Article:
Daisy Maryon is a conservation biologist specializing in endangered iguanas. She is an active member of the IUCN iguana specialist group and,works closely with the International Iguana Foundation. Currently works as research coordinator at Kanahau Utila Research and Conservation Facility in Utila, Honduras, where she is carrying out her PhD on Utila spiny-tailed iguanas with the University of South Wales. Before Daisy found her love of iguanas she worked in the cloud forests of Honduras with Operation Wallacea, leading expeditions of students, she also spend time in Indonesia radio tracking slow lorises with the Little Fire Face project and, worked at Riet Vell nature reserve in Spain with Birdlife international.
On the small island of Utila Daisy works with Kanahau to research and conserve the Critically Endangered Utila spiny-tailed iguana and other endemic species.
Research takes Daisy and the team to Utilas wild western side and unforgiving interior, for a small island there are some incredibly diverse habitats from sandy beaches, to mangroves to wet neotropical savannahs and hardwood forests.
Education and outreach is a key component of this work as the iguanas are endangered due to habitat destruction and the fact they are considered a delicacy. Known locally as the Swamper on the island due to its habitat preference of mangrove forests, the Utila team came up with the “#SaveTheSwamper” campaign to rally support for the iguanas. Daisy so far has trained one ex hunter as a conservation field guide and hopes to be able to continue to provide more training and alternative incomes to hunting. Now the battle is on to promote the Swamper as a flagship species for the island and ensure the small population can be conserved.
My academic training has been in the ﬁeld of Neuroscience. I have been in love with the brain since I was 13 I think. Watching a NatGeo documentary about the brain one Sunday afternoon proved really rather signiﬁcant. This was long before I had any views about career for myself, let alone knowing the possibility of career in Neuroscience. It’s true what they say — for this day and age — “I watch, therefore I am”. So, that’s who I am — a neuroscientist.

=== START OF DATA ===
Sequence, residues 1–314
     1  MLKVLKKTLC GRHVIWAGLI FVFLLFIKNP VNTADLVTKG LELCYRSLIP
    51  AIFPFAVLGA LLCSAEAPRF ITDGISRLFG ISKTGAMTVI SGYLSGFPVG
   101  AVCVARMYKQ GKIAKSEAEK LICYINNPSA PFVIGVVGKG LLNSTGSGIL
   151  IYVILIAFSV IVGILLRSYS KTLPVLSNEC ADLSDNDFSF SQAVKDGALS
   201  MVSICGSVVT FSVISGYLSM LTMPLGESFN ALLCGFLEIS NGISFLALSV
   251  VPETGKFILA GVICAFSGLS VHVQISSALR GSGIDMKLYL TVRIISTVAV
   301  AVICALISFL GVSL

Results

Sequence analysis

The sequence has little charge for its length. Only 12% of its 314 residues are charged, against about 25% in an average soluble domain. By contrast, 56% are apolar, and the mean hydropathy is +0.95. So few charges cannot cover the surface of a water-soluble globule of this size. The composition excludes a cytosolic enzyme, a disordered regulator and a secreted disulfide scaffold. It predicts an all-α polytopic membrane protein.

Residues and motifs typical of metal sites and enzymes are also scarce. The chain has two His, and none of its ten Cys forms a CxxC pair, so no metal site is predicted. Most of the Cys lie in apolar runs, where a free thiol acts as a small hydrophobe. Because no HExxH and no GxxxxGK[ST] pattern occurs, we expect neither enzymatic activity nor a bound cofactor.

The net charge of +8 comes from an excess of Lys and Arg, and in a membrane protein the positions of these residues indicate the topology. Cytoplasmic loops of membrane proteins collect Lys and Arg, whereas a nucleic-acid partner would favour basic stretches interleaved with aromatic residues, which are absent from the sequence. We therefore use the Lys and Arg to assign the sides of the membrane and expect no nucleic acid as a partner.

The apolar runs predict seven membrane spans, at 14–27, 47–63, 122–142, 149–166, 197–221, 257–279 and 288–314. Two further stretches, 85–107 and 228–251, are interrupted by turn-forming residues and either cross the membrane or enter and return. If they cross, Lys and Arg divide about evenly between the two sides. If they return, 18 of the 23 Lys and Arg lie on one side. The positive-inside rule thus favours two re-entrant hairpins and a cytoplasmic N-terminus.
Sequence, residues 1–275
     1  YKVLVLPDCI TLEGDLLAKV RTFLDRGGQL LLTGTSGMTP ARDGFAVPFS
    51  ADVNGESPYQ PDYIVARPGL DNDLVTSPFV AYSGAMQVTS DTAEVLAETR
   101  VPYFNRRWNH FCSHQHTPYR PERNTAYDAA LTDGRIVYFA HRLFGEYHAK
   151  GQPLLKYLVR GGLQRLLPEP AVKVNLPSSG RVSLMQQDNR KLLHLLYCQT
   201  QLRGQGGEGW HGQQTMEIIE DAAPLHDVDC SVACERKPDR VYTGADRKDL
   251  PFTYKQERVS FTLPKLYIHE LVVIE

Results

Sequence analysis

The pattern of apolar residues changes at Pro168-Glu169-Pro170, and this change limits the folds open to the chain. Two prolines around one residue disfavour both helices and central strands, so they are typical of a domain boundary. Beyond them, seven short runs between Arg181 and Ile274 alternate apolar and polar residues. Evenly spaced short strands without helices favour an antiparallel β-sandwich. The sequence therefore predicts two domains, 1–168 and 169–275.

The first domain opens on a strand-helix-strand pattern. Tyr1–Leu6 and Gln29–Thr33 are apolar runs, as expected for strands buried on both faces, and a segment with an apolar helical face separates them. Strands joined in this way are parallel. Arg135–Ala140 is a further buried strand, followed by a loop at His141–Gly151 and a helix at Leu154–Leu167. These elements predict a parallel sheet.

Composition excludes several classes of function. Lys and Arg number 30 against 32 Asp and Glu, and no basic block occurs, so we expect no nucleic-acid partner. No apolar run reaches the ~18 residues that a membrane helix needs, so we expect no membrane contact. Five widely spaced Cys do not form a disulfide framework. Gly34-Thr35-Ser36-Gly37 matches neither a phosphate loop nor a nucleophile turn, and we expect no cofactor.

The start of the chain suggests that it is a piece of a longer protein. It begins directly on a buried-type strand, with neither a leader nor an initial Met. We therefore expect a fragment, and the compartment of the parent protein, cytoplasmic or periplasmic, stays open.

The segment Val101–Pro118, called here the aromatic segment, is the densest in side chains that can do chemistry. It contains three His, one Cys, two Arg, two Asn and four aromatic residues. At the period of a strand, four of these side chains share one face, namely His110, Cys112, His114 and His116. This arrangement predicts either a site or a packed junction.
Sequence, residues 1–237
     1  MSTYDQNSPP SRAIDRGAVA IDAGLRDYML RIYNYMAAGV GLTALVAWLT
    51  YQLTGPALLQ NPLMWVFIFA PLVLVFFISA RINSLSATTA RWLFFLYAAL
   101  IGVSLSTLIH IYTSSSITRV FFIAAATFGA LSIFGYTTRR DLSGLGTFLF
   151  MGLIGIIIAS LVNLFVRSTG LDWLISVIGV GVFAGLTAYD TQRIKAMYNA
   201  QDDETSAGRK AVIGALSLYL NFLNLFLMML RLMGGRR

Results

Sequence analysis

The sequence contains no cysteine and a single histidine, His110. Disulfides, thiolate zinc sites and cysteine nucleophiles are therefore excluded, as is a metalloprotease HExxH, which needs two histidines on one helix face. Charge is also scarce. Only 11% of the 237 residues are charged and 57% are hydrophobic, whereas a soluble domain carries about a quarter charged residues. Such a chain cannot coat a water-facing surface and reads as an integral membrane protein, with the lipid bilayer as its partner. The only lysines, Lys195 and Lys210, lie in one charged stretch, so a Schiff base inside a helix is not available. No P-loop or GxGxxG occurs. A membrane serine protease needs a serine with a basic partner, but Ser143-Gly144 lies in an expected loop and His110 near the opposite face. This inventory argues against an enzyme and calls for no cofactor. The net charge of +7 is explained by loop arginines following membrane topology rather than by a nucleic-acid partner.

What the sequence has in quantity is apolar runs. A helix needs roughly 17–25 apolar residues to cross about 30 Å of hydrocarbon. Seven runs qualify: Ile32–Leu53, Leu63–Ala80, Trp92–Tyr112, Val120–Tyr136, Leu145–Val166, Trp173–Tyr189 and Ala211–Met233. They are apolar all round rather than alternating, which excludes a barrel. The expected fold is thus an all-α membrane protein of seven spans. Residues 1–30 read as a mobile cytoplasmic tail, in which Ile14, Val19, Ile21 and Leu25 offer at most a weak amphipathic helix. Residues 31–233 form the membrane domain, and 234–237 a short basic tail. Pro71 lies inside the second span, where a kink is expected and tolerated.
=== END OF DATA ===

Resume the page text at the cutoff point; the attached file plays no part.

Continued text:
Several beautiful chance encounters since watching the NatGeo documentary, I found myself doing PhD, in Neuroscience! Here, I studied the changes happening in brain during chronic pain; how drugs inﬂuence these changes when they do, and don’t, relieve pain. When I was a graduate student, the human genome was ﬁrst mapped. I started thinking about what genes can, and cannot, do. My postdoc work then naturally was about targeting how genetic elements (not always functional genes, but DNA sequences within genome) are involved — in increasing chances of a disease, and how that aspect can be used to develop better treatments.
Along the way, I added ‘science communication’ and ‘integrating research and education’, as two other things I really care about (and therefore will tweet about during my time with Biotweeps 🙂
Lali has been a teacher and scientist all her life. Her first experiments were meticulously labeled materials tests on the snow-encrusted window ledge of her bedroom. School friends have jokingly referred to her Bus Ride Lecture Series, where she would expound on everything from germ theory to adaptive social behavior. Raised by science-minded parents, Lali was encouraged to read, investigate, and question everything. Childhood trips to aquariums and museums went hand-in-hand with poring over grisly pictures in medical texts on lazy afternoons and marathons of Cousteau documentaries.
Lali studied Oceanic and Atmospheric Science at a science magnet school in the southeast where phenomenal high school teachers cultivated her love of school and learning. She was afforded an opportunity to work in a planktonology lab as part of a work-study program, and was immersed in marine science and culture as part of the daily curriculum. Drawn always to science, Lali realized that her place was not in a research lab, but rather in the classroom, where she could cultivate a love of science in the next generation of learners.
Lali went on to earn degrees in Biological Sciences at a New England liberal arts school, and Science Education at a Florida university. Currently at an independent school in Florida, she is teaches biological sciences and is developing a science writing curriculum for middle and high school. Believing that science communication is the key to improving science literacy among both students and the general public, Lali is eager to explore how online communication can enhance science education. You can find her other writing at Life in the Nerdlet Estuary.